Harm reduction advice
If you choose to take drugs remember:
- Start with a very small test dose and wait at least two hours before taking more.
- Stay with your friends and do not leave anybody who is intoxicated on their own.
- Avoid mixing drugs and alcohol. Every time you mix drugs, including alcohol and prescription medication, you increase the risks.
- Always hydrate with water but don’t drink over a pint an hour.
- If you are dancing, remember to take breaks from dancing and give yourself time to cool down.
- Don’t be afraid to get help if you or a friend become unwell or feel suicidal after using drugs. Call 112 or 999
How to prevent getting dehydrated on ecstasy
If you take ecstasy or MDMA, it is important to stay hydrated and avoid becoming overheated. It is a good idea to have water, a non-alcoholic drink or even a sports drink that contains electrolytes when taking MDMA. Drink slowly and don’t gulp it down.
First-Aid response to someone on ecstasy
If feelings of tension, anxiety or panic arise:
- Calm the person down and be reassuring.
- Talk quietly and explain that these feelings will pass.
- Keep them away from loud noises and bright lights.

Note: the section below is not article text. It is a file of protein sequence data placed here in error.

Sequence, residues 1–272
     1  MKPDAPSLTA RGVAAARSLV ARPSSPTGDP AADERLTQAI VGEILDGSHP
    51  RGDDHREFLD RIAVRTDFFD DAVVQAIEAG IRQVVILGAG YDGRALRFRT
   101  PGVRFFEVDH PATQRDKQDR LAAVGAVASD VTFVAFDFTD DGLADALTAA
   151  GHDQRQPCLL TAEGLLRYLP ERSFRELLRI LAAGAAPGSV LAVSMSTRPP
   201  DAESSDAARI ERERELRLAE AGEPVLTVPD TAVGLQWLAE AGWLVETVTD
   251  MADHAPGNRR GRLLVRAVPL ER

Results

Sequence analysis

- If they begin to breathe very quickly, encourage them to take long slow breaths.
What should I do if someone is overheating?
- Move to a cooler, quiet area (outside is often best)
- Remove excess clothing and try to cool them down
- Encourage them to sip non-alcoholic fluids such as soft drinks or water
If symptoms persist, call an ambulance, but make sure that someone stays with them. Learn more about helping a friend in a drug emergency and when to call an ambulance.
What does the law say?
Currently in Ireland giving a pill to someone you know constitutes a supplying offence. Allowing your house or premises to be used for taking drugs is also illegal. If you are convicted of supplying ecstasy you will be convicted under the Misuse of Drugs Act. A conviction can affect your future employment opportunities and many countries refuse visas to people with drug convictions. Taking drugs can also invalidate your insurance policies, such as holiday, vehicle and health cover. Learn more information on the laws around drugs in Ireland.
- Drugs.ie: Online information and support for drug and alcohol use. Includes a national directory of drug and alcohol services
- HSE Drugs, Alcohol, HIV and Sexual Health Helpline: Freephone 1800 459 459
- You can contact Youth Information Chat, an online service that can put you in touch with Youth Information Officers based all around the country, for more general information
Feeling overwhelmed and want to talk to someone?
- Get anonymous support 24/7 with our text message support service
- Connect with a trained volunteer who will listen to you, and help you to move forward feeling better
- Free-text SPUNOUT to 50808 to begin
- Find out more about our text message support service